by Carolyn Edlund
Earning a living through the art of tattoo, two artists speak about the business and challenges they face.
British artist Alasdair Roy and his team at Dark Design Graphics create custom tattoos for clients. They don’t perform tattooing services, preferring to focus on the art itself. Customers take the completed designs to tattoo studios where ink is applied.
I asked Roy about their business model, and how they have taken their design work to the next level.
“The artists of Dark Design Graphics are all chosen for their unique styles,” he shared. “We cover a range of specialties from full paintings to detailed pen work, hatching, stippling and for me personally, detailed pencil and graphite drawings. We are also well known for creating and revamping custom Coat of Arms designs not just for tattoos, but displays, weddings and more.”
He explained that feedback has surpassed expectations, saying, “All the artists at Dark Design Graphics are traditional artists, so each customer receives the fully completed traditional artwork created to the best of our abilities. Customers often send us photos of their artwork framed or their tattoos in progress, and tattoo artists compliment us on going all out with our designs.”
Dark Design Graphics maintains a YouTube channel, with fascinating time-lapse videos of artwork in progress.
“What I love most about tattoo artwork is you can be asked to create almost anything,” he adds. “The ideas people want to represent are almost limitless, and it is our job to bring that idea to life. Turning what is initially a customer’s thoughts into a creative design good enough for them to get tattooed permanently onto their skin is what really makes it worthwhile.”
Roy described the challenges and doubts he had when getting started, saying, “What really struck me when I began working on my own was how little I knew of the skills I needed to run my own business. While there is a lot of information out there, you begin to find out that unless you really know how to market yourself, you can draw, paint or design almost anything and it will not do a thing. It has been a huge learning experience for me, and I really believe that I have learned so much more by just going ahead and doing it for myself than I ever could have at university.”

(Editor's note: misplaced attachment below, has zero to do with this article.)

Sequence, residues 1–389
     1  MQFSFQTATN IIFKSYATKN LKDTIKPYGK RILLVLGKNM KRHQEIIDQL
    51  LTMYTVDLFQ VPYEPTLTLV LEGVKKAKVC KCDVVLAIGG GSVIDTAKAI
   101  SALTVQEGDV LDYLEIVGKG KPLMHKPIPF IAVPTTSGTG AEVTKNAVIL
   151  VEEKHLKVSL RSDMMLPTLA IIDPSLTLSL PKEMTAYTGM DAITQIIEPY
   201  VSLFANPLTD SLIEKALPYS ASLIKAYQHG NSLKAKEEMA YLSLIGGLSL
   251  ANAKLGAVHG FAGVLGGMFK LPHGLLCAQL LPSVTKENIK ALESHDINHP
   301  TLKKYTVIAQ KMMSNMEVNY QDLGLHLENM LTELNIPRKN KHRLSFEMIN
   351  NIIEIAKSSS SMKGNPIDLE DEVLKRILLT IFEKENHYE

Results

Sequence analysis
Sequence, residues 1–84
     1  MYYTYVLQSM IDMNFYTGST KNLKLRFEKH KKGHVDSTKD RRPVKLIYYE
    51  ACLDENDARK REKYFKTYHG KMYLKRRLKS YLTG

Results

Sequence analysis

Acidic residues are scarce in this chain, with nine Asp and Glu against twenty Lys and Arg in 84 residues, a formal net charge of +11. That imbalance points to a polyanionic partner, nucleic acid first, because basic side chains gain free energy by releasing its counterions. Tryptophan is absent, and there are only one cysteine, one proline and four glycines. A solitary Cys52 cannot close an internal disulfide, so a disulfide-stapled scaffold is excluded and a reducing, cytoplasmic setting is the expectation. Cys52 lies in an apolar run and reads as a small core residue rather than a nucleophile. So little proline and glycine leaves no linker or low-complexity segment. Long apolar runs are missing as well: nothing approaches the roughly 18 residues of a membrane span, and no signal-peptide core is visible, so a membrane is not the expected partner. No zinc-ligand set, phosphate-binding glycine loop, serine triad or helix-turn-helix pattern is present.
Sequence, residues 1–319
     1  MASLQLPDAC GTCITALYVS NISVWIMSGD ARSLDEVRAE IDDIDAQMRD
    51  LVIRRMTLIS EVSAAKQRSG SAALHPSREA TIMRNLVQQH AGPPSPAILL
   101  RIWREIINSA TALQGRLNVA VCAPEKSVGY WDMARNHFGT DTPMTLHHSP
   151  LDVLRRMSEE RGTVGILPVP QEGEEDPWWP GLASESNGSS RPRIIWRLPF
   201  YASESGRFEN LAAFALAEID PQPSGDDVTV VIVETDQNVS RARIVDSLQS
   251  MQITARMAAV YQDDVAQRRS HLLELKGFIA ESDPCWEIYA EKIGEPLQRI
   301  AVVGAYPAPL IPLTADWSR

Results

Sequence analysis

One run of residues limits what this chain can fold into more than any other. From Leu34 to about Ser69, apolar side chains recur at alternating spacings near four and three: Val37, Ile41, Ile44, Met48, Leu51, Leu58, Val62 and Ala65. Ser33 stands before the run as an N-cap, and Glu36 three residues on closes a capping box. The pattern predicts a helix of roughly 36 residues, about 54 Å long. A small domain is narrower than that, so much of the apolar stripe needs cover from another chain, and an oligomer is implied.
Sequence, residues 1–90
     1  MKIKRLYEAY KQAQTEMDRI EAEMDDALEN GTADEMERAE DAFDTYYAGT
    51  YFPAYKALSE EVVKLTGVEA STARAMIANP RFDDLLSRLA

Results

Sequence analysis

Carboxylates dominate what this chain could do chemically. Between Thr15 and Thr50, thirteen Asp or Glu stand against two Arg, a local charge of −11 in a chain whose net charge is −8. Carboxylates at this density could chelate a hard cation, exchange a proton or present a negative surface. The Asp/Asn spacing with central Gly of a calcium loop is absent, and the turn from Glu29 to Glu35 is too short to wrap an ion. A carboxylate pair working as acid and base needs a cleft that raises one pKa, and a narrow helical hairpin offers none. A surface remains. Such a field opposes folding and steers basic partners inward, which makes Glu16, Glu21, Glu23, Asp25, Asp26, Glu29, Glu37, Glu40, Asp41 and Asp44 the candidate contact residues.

Canadian artist Justin Lanouette of Tatouage Calypso maintains a full-service shop in Quebec, which earns him a living. With a degree in fine art, he originally didn’t consider designing tattoos until his sister became involved with a tattoo kit she was trying to master. He found the business a perfect fit, and self-employment allows him the freedom to travel.
He started out with flash art, gaining skill at reproduction, and then moved on to portrait and realistic work, using Photoshop to aid in composition. He strives to stay current on the latest trends in the industry.
“I attend tattoo conventions as a visitor every year, and have followed seminars with Bob Tyrell and others in the past at international conventions in Portland, Toronto and Montreal,” he says.
Lanouette considered ways to overcome the challenges of making his business profitable and keeping costs low. Expanding his residence into a studio space allowed him to avoid a commercial locale and all the expenses related to it. He upgraded his apartment and rented extra space, turning it into a tattoo studio. He also retails related products on his website, selling aftercare products, lotions, soaps, and beard care, and plans to have jewelry available soon.
“I’m also working on a web design project to create a community blog and forum for tattoo artists and clients at Quebec Tattoo Shop,” he says. “Work is in progress.”